Feb. 20 (Bloomberg) -- Basler Kantonalbank, a Swiss regional state-controlled lender, said profit more than halved after a 109 million-franc ($122 million) provision in relation to a U.S. probe into tax evasion by Americans.
Net income for the group, which also includes Bank Coop AG, fell to 96.5 million francs in 2013 from 228.7 million francs a year earlier, the company, based in Basel, Switzerland, said in an e-mailed statement today.
Basler Kantonalbank is among about a dozen Swiss wealth managers, including Credit Suisse Group AG and Julius Baer Group Ltd., under investigation by the U.S. Department of Justice for helping Americans evade taxes through secret accounts. Chairman Andreas Sturm, who described the U.S. probe as “the most difficult topic” for the bank, said the provision reflects the current assessment for the possible fine and legal costs.
“We have done everything we can to quickly reach an amicable solution,” Sturm said in a text of his speech prepared for the bank’s press conference. “When this will happen I cannot, however, say. The sooner the better.”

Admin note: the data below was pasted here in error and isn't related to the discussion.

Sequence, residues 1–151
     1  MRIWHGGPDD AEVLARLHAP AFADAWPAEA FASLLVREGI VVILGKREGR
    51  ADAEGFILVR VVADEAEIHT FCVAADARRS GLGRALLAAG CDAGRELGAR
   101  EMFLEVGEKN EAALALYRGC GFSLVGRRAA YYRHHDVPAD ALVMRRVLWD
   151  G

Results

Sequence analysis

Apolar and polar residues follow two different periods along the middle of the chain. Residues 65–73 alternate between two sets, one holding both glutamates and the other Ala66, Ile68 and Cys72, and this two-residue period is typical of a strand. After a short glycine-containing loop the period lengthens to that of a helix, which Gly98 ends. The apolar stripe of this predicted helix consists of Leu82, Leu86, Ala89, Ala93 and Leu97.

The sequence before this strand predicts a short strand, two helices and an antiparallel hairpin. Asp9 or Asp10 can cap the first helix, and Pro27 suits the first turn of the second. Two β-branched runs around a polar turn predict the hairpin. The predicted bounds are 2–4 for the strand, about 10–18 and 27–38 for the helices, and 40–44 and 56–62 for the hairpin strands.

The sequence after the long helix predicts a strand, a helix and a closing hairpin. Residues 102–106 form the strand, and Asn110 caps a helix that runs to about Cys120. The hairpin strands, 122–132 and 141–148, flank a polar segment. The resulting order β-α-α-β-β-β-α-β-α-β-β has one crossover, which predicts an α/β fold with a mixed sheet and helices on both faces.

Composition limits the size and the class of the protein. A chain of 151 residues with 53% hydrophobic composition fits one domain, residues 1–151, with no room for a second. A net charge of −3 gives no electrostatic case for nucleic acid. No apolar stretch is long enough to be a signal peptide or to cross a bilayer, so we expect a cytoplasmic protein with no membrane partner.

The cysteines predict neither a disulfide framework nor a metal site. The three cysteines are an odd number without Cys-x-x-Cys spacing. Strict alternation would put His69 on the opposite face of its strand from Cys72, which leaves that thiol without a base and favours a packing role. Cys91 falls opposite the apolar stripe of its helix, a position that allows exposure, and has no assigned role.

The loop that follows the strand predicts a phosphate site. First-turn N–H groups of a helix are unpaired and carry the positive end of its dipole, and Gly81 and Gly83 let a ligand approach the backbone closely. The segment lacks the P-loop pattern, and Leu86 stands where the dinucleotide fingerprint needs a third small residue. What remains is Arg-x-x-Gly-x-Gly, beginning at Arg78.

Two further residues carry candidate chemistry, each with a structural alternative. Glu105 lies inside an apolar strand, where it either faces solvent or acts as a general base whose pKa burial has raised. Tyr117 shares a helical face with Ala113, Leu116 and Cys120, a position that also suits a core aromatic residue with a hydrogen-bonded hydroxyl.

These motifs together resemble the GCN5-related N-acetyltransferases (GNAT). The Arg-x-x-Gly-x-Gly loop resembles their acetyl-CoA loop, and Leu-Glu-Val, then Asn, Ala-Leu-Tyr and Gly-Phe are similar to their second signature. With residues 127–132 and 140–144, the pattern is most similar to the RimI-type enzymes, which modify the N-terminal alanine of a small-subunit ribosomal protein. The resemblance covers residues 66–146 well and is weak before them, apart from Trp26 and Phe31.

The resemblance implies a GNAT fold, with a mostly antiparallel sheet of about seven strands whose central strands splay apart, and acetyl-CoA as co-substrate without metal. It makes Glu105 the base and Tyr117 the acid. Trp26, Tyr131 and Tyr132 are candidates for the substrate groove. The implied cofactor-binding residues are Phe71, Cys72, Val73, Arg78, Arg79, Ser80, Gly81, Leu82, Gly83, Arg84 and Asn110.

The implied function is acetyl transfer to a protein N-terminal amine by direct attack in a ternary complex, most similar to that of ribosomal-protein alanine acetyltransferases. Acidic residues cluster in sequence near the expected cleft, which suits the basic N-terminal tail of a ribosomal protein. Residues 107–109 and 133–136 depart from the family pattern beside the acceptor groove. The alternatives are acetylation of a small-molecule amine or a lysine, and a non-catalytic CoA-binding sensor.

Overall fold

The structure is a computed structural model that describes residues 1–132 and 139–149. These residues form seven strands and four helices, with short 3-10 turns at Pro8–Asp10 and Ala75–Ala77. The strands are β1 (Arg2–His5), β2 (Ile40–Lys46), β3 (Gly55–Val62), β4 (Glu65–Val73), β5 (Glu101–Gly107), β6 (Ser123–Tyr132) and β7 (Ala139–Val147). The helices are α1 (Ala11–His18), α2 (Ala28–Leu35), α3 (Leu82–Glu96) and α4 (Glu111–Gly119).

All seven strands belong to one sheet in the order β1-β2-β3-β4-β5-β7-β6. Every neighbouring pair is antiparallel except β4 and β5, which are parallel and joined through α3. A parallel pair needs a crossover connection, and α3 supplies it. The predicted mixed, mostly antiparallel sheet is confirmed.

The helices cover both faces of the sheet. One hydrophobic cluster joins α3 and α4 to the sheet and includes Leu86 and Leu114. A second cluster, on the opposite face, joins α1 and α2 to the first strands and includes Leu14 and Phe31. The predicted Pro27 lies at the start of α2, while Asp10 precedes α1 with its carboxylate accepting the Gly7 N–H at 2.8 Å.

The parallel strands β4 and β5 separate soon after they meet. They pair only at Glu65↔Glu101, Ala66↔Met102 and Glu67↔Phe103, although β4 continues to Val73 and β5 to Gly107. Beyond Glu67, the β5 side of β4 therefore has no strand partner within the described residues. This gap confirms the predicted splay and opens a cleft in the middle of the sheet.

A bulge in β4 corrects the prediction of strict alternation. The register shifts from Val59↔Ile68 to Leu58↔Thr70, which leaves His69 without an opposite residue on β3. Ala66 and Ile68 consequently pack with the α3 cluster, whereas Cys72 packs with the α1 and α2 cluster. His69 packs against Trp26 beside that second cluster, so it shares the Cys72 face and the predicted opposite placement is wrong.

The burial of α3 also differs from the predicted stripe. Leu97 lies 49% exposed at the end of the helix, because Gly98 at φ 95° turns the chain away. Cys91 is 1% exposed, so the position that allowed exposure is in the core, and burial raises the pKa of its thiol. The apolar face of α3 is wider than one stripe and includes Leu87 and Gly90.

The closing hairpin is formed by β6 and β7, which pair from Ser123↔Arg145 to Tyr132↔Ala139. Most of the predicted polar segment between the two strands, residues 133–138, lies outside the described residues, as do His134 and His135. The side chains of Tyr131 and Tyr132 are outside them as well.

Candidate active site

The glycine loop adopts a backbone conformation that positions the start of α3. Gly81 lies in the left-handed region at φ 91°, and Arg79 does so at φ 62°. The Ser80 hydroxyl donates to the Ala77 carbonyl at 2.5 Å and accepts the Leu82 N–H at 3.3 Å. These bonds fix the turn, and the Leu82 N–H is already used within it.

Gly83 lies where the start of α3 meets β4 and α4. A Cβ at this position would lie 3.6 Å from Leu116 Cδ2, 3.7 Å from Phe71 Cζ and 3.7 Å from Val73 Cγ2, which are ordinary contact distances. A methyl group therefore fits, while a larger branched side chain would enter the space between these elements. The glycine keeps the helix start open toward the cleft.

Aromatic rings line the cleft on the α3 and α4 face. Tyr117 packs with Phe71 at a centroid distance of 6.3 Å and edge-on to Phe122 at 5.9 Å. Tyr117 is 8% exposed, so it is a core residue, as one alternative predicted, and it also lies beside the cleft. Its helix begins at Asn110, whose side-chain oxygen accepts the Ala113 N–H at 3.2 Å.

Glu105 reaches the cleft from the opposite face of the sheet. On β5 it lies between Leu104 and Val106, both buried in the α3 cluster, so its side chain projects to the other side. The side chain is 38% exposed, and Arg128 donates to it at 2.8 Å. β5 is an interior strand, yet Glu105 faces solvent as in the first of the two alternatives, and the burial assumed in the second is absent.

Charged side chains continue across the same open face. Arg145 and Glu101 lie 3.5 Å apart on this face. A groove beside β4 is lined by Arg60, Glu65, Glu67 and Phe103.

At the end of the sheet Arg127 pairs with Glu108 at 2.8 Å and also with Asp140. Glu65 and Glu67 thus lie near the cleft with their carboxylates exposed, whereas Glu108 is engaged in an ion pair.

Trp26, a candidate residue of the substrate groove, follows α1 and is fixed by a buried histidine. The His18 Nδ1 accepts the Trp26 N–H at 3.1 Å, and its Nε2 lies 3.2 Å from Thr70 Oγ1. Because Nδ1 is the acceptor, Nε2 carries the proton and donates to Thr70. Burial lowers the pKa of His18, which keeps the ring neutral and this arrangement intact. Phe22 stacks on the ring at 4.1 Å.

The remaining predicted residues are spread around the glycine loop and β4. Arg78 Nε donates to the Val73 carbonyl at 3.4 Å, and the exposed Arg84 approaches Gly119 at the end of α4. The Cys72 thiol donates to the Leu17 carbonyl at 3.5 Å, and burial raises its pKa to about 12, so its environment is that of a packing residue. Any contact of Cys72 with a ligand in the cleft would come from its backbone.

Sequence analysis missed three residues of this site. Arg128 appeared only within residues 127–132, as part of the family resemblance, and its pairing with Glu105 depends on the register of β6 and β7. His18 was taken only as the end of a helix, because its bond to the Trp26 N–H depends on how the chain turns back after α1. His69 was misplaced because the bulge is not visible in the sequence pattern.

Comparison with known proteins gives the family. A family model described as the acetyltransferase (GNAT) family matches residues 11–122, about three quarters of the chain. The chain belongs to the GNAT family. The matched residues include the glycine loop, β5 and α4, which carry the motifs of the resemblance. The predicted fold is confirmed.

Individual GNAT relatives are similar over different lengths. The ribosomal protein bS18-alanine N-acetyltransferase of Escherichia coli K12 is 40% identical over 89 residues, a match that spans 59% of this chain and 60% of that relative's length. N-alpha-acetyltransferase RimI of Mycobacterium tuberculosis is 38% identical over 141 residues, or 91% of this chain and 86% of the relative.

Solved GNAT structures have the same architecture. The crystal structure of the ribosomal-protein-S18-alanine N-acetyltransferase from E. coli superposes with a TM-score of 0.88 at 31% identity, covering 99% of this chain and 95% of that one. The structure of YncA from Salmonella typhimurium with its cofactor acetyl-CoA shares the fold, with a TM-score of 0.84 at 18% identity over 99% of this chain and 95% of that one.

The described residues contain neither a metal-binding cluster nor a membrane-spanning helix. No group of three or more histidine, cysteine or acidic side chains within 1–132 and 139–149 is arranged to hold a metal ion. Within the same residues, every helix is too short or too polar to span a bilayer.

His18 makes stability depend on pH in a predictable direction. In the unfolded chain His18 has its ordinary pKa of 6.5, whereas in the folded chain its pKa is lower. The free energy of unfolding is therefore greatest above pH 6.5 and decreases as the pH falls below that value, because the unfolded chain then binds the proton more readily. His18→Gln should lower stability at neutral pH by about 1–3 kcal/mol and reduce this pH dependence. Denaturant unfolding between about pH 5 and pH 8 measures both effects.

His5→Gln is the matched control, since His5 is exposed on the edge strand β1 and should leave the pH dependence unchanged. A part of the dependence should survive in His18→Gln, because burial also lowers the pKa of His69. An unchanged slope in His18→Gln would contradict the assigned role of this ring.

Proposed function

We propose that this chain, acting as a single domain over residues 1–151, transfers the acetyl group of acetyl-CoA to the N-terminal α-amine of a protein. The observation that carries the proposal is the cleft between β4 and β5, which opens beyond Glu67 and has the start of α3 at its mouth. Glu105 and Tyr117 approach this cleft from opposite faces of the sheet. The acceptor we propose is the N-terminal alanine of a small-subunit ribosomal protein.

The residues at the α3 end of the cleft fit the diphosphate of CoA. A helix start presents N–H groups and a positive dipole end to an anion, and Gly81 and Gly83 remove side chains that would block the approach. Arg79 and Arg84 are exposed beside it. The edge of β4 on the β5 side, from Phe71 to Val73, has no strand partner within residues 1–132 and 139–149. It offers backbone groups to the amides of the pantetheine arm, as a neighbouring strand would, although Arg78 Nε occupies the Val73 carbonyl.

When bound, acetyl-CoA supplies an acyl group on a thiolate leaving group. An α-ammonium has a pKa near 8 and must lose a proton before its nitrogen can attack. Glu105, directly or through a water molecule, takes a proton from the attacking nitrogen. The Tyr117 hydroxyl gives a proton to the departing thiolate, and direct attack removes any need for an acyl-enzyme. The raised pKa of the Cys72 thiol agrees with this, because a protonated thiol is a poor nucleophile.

Basler Kantonalbank rose 3 percent to 77.80 francs at 12:15 p.m. in Swiss trading, the biggest intraday gain since Jan. 28. The shares have declined 21 percent in the past 12 months, while the Swiss Performance Index climbed 15 percent.
Credit Suisse, Switzerland’s second-biggest bank, said last week it set aside 175 million francs to cover potential costs related to a Securities and Exchange Commission part of the tax probe. The bank already put aside 295 million francs in 2011 for U.S. tax matters.
Zuercher Kantonalbank, the biggest state-owned regional bank in Switzerland, said last week it hopes to resolve the U.S. probe this year. The bank didn’t disclose any provisions for the U.S. investigation.
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